Charlotte, the center of a sprawling, heavily populated area, was at a virtual standstill on Sunday as heavier rains approached. Clouds wrapped around the crown of the Bank of America Corporate Center — the state’s tallest building, at 871 feet — and uptown streets, typically quiet on weekends, were almost entirely deserted.
In and beyond the business district, the local authorities were urging people to stay off the region’s roads, and many shops and restaurants were closed even on Saturday evening, well before the worst of the storm system was to strike the Charlotte area. Officials announced last week that schools and city government offices would be closed Monday.
As officials across the Carolinas pleaded with residents not to try to drive on flooded streets, and warned that the storm still posed a serious threat, they also prepared for what will most likely be a long and costly recovery.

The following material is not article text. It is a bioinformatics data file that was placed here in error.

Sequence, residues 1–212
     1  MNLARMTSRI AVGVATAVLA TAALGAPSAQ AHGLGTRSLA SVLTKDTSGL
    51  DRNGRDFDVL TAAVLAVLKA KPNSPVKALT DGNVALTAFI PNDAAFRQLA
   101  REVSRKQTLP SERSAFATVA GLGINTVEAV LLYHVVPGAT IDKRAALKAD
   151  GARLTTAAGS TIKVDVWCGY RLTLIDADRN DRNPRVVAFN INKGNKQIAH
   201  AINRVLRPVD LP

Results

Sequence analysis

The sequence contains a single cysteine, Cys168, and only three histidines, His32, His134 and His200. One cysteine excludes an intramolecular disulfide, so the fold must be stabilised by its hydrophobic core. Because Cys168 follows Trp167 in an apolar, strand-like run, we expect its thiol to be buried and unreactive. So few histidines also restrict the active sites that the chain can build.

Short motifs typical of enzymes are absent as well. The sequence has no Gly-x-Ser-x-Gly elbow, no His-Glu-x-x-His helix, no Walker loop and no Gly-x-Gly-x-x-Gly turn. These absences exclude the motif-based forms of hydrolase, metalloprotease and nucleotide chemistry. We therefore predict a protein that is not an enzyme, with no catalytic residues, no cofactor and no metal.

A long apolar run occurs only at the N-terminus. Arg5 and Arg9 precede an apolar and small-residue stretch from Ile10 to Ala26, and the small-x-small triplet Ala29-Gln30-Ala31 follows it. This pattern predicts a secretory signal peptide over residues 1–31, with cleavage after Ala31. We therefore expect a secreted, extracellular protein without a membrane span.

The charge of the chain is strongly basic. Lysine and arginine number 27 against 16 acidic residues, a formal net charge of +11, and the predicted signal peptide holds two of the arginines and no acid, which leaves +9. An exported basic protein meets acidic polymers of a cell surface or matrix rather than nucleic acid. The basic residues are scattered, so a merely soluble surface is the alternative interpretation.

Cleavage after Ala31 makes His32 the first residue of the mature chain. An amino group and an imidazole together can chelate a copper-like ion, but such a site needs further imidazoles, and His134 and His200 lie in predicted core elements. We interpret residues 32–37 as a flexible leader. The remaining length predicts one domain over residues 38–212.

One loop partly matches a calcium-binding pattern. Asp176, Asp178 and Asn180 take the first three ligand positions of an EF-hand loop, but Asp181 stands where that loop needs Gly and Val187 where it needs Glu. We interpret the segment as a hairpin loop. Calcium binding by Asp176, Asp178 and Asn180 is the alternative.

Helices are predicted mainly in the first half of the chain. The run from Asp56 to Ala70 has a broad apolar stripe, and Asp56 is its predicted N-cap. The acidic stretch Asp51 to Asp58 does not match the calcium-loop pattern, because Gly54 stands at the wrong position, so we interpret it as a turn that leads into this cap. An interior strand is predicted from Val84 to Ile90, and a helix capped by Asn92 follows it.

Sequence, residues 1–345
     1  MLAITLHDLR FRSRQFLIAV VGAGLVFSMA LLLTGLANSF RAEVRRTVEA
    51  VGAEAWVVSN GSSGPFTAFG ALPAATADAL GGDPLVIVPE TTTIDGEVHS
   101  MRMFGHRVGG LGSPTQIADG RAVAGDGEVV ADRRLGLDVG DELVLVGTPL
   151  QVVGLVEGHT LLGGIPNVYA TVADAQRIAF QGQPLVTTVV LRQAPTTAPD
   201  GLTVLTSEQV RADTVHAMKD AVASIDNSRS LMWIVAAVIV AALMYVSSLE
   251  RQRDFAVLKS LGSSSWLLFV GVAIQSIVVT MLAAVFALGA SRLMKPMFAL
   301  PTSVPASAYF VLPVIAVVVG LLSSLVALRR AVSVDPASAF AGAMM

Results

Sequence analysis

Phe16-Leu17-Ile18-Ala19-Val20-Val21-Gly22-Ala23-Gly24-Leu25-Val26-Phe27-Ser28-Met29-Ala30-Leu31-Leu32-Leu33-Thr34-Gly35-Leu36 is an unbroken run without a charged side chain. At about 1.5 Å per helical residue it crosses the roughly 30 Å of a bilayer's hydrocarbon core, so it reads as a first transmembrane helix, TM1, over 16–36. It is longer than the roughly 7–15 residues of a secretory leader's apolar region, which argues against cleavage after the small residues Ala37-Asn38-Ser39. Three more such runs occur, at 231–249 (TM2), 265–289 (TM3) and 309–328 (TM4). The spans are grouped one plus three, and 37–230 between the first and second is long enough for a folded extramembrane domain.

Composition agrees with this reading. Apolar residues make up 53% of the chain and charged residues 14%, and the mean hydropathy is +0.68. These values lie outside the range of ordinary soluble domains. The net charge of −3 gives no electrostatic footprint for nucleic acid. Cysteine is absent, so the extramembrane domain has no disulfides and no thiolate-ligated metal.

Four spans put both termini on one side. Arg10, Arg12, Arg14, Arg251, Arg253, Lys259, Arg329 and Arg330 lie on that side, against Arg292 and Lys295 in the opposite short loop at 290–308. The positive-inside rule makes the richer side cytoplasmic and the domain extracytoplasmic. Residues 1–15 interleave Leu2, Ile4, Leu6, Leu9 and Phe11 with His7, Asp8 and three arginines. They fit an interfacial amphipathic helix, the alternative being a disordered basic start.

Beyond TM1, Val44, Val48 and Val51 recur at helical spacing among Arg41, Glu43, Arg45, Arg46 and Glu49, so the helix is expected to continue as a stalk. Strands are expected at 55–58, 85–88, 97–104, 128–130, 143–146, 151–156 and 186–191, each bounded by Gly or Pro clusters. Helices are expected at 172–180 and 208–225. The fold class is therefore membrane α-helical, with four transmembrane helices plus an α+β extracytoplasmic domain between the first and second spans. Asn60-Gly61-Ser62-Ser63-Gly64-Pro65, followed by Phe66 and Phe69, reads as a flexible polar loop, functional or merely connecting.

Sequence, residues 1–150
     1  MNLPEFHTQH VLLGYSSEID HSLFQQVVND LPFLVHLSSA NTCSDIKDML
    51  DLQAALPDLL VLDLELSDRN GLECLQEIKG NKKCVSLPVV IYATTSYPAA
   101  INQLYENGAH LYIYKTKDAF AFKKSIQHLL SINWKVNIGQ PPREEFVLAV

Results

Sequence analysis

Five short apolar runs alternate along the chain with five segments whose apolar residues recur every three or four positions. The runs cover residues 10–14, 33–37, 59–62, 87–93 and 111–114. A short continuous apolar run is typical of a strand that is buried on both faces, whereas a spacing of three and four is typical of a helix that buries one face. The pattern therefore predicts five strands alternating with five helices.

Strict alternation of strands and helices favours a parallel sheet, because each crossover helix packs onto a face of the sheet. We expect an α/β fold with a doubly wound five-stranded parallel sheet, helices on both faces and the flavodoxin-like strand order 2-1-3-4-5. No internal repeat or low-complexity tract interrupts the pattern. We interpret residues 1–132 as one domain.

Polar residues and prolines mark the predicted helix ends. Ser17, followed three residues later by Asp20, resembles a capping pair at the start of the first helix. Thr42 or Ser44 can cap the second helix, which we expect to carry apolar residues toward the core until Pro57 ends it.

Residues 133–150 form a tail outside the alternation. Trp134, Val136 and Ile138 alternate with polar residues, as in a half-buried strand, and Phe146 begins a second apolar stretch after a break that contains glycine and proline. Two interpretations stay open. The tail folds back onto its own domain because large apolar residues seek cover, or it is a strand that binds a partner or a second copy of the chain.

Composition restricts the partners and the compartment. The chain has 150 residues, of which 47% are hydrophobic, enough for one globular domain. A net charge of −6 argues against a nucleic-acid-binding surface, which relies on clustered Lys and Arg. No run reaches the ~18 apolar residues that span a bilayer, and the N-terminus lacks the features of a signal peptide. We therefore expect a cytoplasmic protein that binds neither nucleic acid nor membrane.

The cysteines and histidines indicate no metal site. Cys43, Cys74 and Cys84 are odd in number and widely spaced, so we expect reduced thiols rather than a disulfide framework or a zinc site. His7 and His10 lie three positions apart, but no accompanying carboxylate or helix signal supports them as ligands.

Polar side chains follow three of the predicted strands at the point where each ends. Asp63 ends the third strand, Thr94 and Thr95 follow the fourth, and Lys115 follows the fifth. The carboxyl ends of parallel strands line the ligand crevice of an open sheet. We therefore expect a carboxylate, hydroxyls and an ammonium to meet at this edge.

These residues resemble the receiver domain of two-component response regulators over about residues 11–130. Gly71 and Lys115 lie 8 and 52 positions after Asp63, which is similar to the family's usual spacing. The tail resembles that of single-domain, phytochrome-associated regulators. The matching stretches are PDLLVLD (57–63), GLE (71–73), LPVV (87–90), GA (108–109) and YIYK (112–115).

Some who had evacuated returned home on Saturday evening to survey the damage. Tanya Caulder of Coward, S.C., found a giant tree on her front lawn after spending two nights at a shelter. Fortunately, the tree had fallen away from the house and just missed the pump house, which her family used to get water.
But Ms. Caulder, who had stayed at the shelter with 12 relatives, said she was still worried about flooding. During Hurricane Matthew, she said, the nearby Lynches River had sent water into her mobile home. All 13 members of the family would be staying at the house that night, she said, since only her place still had power.
“But if I see water come up in the backyard, I’m out of here,” Ms. Caulder said.